How to curb anxiety during the COVID-19 pandemic

By Dr. Jaleh Shahin

Psychologist, Copeman Healthcare | Supported by TELUS Health

Experiencing anxiety and worry in uncertain times is normal. Whether you’re experiencing extreme anxiety or moderate levels that are normal, here are eight strategies that can help you manage those anxious feelings.
An older couple greets their loved ones virtually on a video-call.

If you’ve found yourself feeling worried or anxious about your health, the health of loved ones, finances, work, your children’s education and more, you’re not alone. Experiencing anxiety and worry in uncertain times is normal. In fact, intense anxiety and/or fear is an adaptive response that has helped our species survive throughout history. Referred to as the fight or flight response, it’s our brain’s version of a smoke alarm that tells us to stay put or run away in dangerous situations. Essentially, it makes us extra vigilant of harmful threats.

In this global pandemic – a time with immense uncertainty – some anxiety and fear is to be expected. However, too much anxiety may be putting you or your loved ones at more risk of harm.

Individuals react differently to extreme anxiety and fear. Some may go into “denial mode” and underestimate the risks. As a result, they may not take the advice of health officials seriously enough and proceed normally; this could put them and their loved ones at higher risk of exposure to the COVID virus. Others may respond to their intense fear by going into “panic mode” and respond by panic purchasing, stockpiling items and supplies or making frequent and unnecessary calls or visits to medical facilities. This response also can be harmful by limiting availability of necessities and medical supplies.

So, what can be done to ensure we can respond to our fears in a way that keeps everyone as healthy and safe as possible?

Whether you’re experiencing extreme anxiety or moderate levels that are normal, here are eight strategies that can help you manage those anxious feelings.

1. Identify what you can and what you can NOT control

Identify what you can and can’t control. Let go of what you can’t control and focus on what you do have control over. Focus on how you spend your time at home and your thoughts and actions, such as hand washing, practicing social distancing, staying home and following other guidelines provided by health officials.

2. Connect with friends and family virtually

We live in a digital world that allows us to stay connected to our loved ones almost anywhere, anytime. Reach out to your friends and family online. Have an online coffee date, play an online game together, watch movies together, schedule phone calls, Facetime or Skype, text a loving message to someone you care about and keep the connection going. Connecting with others is more important than ever during times of crisis.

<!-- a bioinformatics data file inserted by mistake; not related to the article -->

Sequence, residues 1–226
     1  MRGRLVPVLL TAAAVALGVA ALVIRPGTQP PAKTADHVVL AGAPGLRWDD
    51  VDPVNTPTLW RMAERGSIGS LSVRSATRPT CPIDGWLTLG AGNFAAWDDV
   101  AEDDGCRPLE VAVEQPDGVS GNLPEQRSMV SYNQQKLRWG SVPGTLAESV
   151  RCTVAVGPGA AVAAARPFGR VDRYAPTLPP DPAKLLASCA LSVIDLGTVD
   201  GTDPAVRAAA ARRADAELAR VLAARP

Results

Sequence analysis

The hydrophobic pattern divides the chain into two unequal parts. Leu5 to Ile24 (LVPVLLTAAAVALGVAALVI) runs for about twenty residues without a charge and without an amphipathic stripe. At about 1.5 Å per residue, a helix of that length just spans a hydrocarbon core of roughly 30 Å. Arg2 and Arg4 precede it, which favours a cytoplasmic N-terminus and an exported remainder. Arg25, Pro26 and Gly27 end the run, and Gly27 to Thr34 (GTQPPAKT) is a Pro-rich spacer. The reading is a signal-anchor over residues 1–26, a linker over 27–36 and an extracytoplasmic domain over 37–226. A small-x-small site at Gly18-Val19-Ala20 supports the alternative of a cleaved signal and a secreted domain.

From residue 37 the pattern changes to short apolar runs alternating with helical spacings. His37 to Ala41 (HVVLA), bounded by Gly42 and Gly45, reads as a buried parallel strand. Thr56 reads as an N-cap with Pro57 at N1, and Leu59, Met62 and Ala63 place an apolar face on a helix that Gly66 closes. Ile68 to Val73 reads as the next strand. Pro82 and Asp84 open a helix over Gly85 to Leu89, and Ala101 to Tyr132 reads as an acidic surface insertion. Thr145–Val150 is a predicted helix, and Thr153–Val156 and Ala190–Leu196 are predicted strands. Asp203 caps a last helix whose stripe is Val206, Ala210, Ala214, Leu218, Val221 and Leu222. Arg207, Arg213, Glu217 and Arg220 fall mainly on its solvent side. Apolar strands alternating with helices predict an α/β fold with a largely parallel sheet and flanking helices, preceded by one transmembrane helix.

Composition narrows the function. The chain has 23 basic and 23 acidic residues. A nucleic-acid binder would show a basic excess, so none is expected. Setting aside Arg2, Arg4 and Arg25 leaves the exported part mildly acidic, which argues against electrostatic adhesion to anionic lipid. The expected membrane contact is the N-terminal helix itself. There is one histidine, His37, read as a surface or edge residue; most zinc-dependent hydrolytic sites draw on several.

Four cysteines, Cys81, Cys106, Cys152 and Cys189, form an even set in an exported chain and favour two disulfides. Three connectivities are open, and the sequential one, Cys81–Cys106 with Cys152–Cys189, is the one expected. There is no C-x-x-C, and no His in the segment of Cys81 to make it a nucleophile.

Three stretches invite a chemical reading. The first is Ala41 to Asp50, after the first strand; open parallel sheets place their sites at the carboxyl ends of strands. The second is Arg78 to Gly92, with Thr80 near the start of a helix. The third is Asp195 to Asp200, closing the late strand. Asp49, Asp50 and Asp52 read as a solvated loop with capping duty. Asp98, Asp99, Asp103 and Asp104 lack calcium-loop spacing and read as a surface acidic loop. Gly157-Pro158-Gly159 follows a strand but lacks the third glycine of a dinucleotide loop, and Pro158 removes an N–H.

3. Stop talking about COVID

It’s tempting to spend a lot of time talking about the pandemic, the virus, the exposure, what others should or should not be doing, and all the other worries you’ve been experiencing! Fight this temptation! We are surrounded by messages about the risks and potential harm of this virus, this will impact your sense of threat. Allow yourself and your loved ones to take breaks from talking about the virus and the pandemic. Don’t initiate conversations about the virus or gently redirect the conversation when it comes up. You could even make an agreement with loved ones that some of your conversations are “COVID-free.”

4. Limit your social media and news consumption

Limit your exposure to the news and especially social media. Know the facts and only use reputable sources such as official government websites for obtaining pertinent information. Limit how often you check the news and make sure you avoid taking advice from social media.

5. Be kind to yourself and practice mindfulness

You may be experiencing many other emotions in addition to anxiety and fear. You may have feelings of sadness, loss, grief and more. Practice self-compassion and allow yourself to feel your feelings. A great way to learn to experience and have space for emotions is practicing mindfulness. There are several free resources on mindfulness. Some mindfulness apps may be offering their programs for free for a period, so explore your options. Commonly used mindfulness apps include Breathe, Headspace and Calm.

6. Practice self-care

Taking care of yourself during stressful times is an essential component of nurturing your mental health. It could be engaging in a favorite activity or one that’s new and engaging. The list is endless, but here are some examples to consider: eat and sleep well, exercise, take a bath, watch your favorite show or movie, listen to music, dance, play or learn a musical instrument, learn a new language, journal, practice gratitude.

7. Become an anxiety expert

If you’re struggling with heightened anxiety, there are numerous resources that teach you everything you need to know about anxiety and how to tackle it. Anxiety Canada is an excellent source; they offer a plethora of information, tools and strategies and resources for adults, youth and children.

8. If all else fails and the anxiety is disruptive to your life, seek professional mental health support

Sometimes anxiety can become disruptive to our daily functioning. If you’re experiencing debilitating anxiety, access a mental health professional for support.

Finally, we’re all in this together, so let’s lend a helping hand to our friends and neighbours. Humans are resilient and we have overcome challenging times repeatedly through history – this time will be no different! Be kind and stay safe.



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